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The CIA Triad of confidentiality, integrity and availability is considered the core underpinning of information security.  Every security control and every security vulnerability can be viewed in light of one or more of these key concepts. For a security program to be considered comprehensive and complete, it must adequately address the entire CIA Triad.Confidentiality means that data, objects and resources are protected from unauthorized viewing and other access.  Integrity means that data is protected from unauthorized changes to ensure that it is reliable and correct. Availability means that authorized users have access to the systems and the resources they need.If you are preparing for the CISSP, Security+, CySA+, or another security certification exam, you will need to have an understanding of the importance of the CIA Triad, the definitions of each of the three elements, and how security controls address the elements to protect information systems. Confidentiality Confidentiality measures protect information from unauthorized access and misuse.  Most information systems house information that has some degree of sensitivity. It might be proprietary business information that competitors could use to their advantage, or personal information regarding an organization’s employees, customers or clients.Confidential information often has value and systems are therefore under frequent attack as criminals hunt for vulnerabilities to exploit.  Threat vectors include direct attacks such as stealing passwords and capturing network traffic, and more layered attacks such as social engineering and phishing.  Not all confidentiality breaches are intentional. A few types of common accidental breaches include emailing sensitive information to the wrong recipient, publishing private data to public web servers, and leaving confidential information displayed on an unattended computer monitor.Healthcare is an example of an industry where the obligation to protect client information is very high.  Not only do patients expect and demand that healthcare providers protect their privacy, there are strict regulations governing how healthcare organizations manage security.  The Health Insurance Portability and Accountability Act (HIPAA) addresses security, including privacy protection, in the the handling of personal health information by insurers, providers and claims processors.  HIPAA rules mandate administrative, physical and technical safeguards, and require organizations to conduct risk analysis.There are many countermeasures that organizations put in place to ensure confidentiality.  Passwords, access control lists and authentication procedures use software to control access to resources.  These access control methods are complemented by the use encryption to protect information that can be accessed despite the controls, such as emails that are in transit.  Additional confidentiality countermeasures include administrative solutions such as policies and training, as well as physical controls that prevent people from accessing facilities and equipment. Integrity Integrity measures protect information from unauthorized alteration.  These measures provide assurance in the accuracy and completeness of data.  The need to protect information includes both data that is stored on systems and data that is transmitted between systems such as email.  In maintaining integrity, it is not only necessary to control access at the system level, but to further ensure that system users are only able to alter information that they are legitimately authorized to alter.As with confidentiality protection, the protection of data integrity extends beyond intentional breaches.  Effective integrity countermeasures must also protect against unintentional alteration, such as user errors or data loss that is a result of a system malfunction.While all system owners require confidence in the integrity of their data, the finance industry has a particularly pointed need to ensure that transactions across its systems are secure from tampering.  One of the most notorious financial data integrity breaches in recent times occurred in February 2016 when cyber thieves generated $1-billion in fraudulent withdrawals from the account of the central bank of Bangladesh at the Federal Reserve Bank of New York.  The hackers executed an elaborate scheme that included obtaining the necessary credentials to initiate the withdrawals, along with infecting the banking system with malware that deleted the database records of the transfers and then suppressed the confirmation messages which would have alerted banking authorities to the fraud.  After the scheme was discovered most of the transfers were either blocked or the funds recovered, but the thieves were still able to make off with more than $60-million.There are many countermeasures that can be put in place to protect integrity.  Access control and rigorous authentication can help prevent authorized users from making unauthorized changes.  Hash verifications and digital signatures can help ensure that transactions are authentic and that files have not been modified or corrupted.  Equally important to protecting data integrity are administrative controls such as separation of duties and training. Availability In order for an information system to be useful it must be available to authorized users.  Availability measures protect timely and uninterrupted access to the system. Some of the most fundamental threats to availability are non-malicious in nature and include hardware failures, unscheduled software downtime and network bandwidth issues.  Malicious attacks include various forms of sabotage intended to cause harm to an organization by denying users access to the information system.The availability and responsiveness of a website is a high priority for many business.  Disruption of website availability for even a short time can lead to loss of revenue, customer dissatisfaction and reputation damage.  The Denial of Service (DoS) attack is a method frequently used by hackers to disrupt web service. In a DoS attack, hackers flood a server with superfluous requests, overwhelming the server and degrading service for legitimate users.  Over the years, service providers have developed sophisticated countermeasures for detecting and protecting against DoS attacks, but hackers also continue to gain in sophistication and such attacks remain an ongoing concern.Availability countermeasures to protect system availability are as far ranging as the threats to availability.  Systems that have a high requirement for continuous uptime should have significant hardware redundancy with backup servers and data storage immediately available.  For large, enterprise systems it is common to have redundant systems in separate physical locations. Software tools should be in place to monitor system performance and network traffic.  Countermeasures to protect against DoS attacks include firewalls and routers.Understanding the CIA Triad is an important component of your preparation...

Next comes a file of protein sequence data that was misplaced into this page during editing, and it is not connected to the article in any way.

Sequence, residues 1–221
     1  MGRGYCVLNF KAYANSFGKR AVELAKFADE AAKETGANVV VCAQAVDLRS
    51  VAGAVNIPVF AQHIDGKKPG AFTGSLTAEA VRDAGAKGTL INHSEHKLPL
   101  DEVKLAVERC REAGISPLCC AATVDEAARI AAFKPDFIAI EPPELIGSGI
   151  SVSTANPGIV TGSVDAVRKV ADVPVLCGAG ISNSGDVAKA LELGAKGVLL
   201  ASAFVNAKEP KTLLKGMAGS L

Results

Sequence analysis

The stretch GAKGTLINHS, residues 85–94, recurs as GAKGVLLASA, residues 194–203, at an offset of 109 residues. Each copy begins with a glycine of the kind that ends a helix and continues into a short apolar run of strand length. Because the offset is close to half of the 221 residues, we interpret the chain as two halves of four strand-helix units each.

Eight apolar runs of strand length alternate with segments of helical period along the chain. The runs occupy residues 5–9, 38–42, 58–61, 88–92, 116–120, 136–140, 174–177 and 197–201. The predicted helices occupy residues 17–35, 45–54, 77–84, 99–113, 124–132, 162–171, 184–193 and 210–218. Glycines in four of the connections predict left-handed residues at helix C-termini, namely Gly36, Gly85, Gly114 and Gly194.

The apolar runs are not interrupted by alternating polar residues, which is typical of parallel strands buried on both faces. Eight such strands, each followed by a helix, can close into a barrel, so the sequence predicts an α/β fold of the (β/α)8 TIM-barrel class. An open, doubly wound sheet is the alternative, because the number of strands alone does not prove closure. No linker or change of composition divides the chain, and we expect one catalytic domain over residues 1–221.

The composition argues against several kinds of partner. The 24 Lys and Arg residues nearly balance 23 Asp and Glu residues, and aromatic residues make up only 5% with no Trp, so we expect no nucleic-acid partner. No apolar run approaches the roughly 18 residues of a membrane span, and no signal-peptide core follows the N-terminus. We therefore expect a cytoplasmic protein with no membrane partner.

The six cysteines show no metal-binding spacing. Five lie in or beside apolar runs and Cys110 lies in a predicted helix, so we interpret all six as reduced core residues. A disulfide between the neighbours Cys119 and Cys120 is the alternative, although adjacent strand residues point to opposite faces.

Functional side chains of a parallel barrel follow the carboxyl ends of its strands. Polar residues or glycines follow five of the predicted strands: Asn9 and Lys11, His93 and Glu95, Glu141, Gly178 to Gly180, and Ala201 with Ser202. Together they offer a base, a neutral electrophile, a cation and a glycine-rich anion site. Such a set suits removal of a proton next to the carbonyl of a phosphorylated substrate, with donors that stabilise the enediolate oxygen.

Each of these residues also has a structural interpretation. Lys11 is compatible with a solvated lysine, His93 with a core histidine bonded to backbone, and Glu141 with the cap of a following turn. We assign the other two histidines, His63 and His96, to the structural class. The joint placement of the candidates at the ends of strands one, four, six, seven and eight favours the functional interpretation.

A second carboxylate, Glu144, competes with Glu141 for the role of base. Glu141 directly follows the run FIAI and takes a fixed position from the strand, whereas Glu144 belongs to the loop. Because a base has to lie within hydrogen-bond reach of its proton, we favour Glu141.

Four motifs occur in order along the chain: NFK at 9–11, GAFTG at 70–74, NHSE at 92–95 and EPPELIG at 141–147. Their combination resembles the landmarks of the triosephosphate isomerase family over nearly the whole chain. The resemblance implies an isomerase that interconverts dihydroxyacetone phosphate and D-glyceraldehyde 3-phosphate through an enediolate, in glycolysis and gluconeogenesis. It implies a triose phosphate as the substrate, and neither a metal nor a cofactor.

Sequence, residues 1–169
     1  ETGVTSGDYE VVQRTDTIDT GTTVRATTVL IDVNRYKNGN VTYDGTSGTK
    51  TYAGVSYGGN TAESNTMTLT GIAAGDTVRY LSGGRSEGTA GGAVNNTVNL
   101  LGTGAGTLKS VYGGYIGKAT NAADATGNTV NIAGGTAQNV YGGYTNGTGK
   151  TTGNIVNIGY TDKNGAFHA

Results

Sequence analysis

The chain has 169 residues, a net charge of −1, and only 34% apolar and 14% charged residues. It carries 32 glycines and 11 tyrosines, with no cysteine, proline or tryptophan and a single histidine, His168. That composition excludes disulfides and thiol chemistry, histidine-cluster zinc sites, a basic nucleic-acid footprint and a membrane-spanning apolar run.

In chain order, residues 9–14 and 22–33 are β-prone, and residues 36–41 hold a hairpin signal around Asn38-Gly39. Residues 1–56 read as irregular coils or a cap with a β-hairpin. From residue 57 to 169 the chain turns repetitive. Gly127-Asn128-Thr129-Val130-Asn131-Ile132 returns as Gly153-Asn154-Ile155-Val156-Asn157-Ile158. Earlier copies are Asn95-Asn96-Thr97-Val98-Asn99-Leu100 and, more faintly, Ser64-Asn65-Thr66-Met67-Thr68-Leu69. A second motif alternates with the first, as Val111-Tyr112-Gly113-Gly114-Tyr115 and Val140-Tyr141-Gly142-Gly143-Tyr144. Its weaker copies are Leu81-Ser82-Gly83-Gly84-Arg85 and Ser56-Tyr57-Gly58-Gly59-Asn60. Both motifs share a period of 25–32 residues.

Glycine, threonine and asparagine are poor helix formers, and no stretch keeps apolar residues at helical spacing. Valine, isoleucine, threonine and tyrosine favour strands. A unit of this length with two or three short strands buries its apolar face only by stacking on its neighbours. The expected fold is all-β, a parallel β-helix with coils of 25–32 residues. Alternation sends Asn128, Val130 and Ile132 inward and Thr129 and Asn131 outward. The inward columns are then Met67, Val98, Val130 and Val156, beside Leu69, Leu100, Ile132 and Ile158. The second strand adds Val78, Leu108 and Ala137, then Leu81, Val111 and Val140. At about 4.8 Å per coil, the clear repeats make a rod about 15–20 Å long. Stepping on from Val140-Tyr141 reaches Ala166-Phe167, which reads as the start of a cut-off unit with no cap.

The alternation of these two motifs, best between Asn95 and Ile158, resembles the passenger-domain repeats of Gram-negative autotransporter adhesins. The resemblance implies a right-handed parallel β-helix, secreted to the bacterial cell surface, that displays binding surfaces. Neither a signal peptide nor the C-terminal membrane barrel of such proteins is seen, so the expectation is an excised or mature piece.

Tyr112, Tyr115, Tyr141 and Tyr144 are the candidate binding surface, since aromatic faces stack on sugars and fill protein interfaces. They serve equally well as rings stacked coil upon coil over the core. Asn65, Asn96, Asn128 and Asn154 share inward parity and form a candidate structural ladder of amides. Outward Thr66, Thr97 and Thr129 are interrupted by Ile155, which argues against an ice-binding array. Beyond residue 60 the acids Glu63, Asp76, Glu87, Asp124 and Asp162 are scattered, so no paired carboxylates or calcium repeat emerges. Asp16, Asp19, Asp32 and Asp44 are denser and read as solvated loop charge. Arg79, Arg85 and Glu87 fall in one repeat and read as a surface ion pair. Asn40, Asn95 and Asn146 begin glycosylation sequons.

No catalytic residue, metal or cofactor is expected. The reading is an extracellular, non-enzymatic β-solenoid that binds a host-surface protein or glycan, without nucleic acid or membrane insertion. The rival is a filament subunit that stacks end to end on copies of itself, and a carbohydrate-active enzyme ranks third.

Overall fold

Digital signatures serve two very important functions that support secure electronic communications.  First, digital signatures verify the sender of a message, giving the recipient assurance that the sender is who they say they are.  This identity verification also helps enforce non-repudiation, preventing the sender from later denying that they sent the message. Second, digital signatures verify message integrity.  Recipients of messages and files can use the digital signature to ensure that a document or file has not been tampered with, replaced or corrupted.Understanding hashing and hash functions is fundamental to understanding how digital signatures are generated and applied.  If you’re not already familiar with hash functions, you may wish to refresh your memory before continuing on. How Digital Signatures Work Digital signatures combine hashing with public key encryption.  The process involves several steps for both the sender and receiver.To digitally sign a message, the sender:Uses a cryptographic hashing algorithm such as SHA-3 to generate a message digest from the original plaintext message. Encrypts the message digest (not the message) using their private key.  The encrypted message digest is the digital signature. Appends the digital signature to the plaintext message. Transmits the message with the appended digital signature. To verify a digital signature, the recipient:Decrypts the digital signature using the sender’s public key. Uses the same cryptographic hashing function used by the sender to generate a message digest from the received plaintext message. Compares the decrypted digital signature with message digest just created in Step 2.  If the two hashes match, then the recipient is assured that the message received was in fact transmitted by the sender and was not altered in transit. It is very important to note that digital signatures do not provide confidentiality.   If the sender and receiver require private communications, they would need to take the additional and separate step of encrypting the full message before sending it, and then decrypting the message upon receipt.Security applications of digital signatures are not limited to text communications.  They are used to verify the integrity of other digital files and are frequently used by software vendors who distribute software online.  Other common uses include financial transaction verification and contract management. Non-Repudiation Non-repudiation is an important application of digital signature protection.  Non-repudiation is a legal term used to describe a scenario in which security procedures make it difficult to challenge the validity and origin of a document or transaction.  Consider the example of a financial institution customer authorizing a transaction and then later attempting to deny that they gave that authorization. If the transaction was digitally signed, the financial institution has reliable evidence that that ties the transaction to the owner of the private key used to generate the signature.  Because a person can be held responsible for all transactions signed using their private key, this example also illustrates the importance of keeping one’s private key secure. HMAC The hash message authentication code (HMAC) algorithm combines a shared key with hashing.  HMAC gives an additional layer of security over hashing alone, but nonetheless is only a partial digital signature.  HMAC will verify the integrity of a message but does not protect against non-repudiation. However, HMAC is less computationally expensive than a full digital signature process and can be appropriate in scenarios where a higher degree of verification is not required. Digital Signature Standard The Federal Information Processing Standard (FIPS) 186-4, also known as the Digital Signature Standard (DSS), is published by the United States National Institute of Standards and Technology.  DSS specifies the digital signature algorithms acceptable for federal government use. All of the DSS compliant digital signature algorithms use the government approved Secure Hash Algorithm (SHA) hash functions.There are three currently approved standard encryption algorithms:The Digital Signature Algorithm (DSA) as specified in FIPS 186-4 The Rivest–Shamir–Adleman (RSA) algorithm as specified in ANSI X9.31 The Elliptic Curve DSA (ECDSA) as specified in ANSI X9.62Selecting the Proper Key The interplay between public and private keys, and when to apply the keys for different security tasks can be confusing.  In selecting the proper key for the task, bear in mind the following four principles:Use the recipient’s public key to encrypt a message Use the recipient’s private key to decrypt a message Use the sender’s private key to digitally sign a message Use the sender’s public key to verify a digital signatureUnderstanding digital signatures is an important component of your preparation for a variety of security certification programs.  If you’re interested in earning your next security certification, sign up for the free CertMike study groups for the CISSP, Security+, SSCP, or CySA+ exam....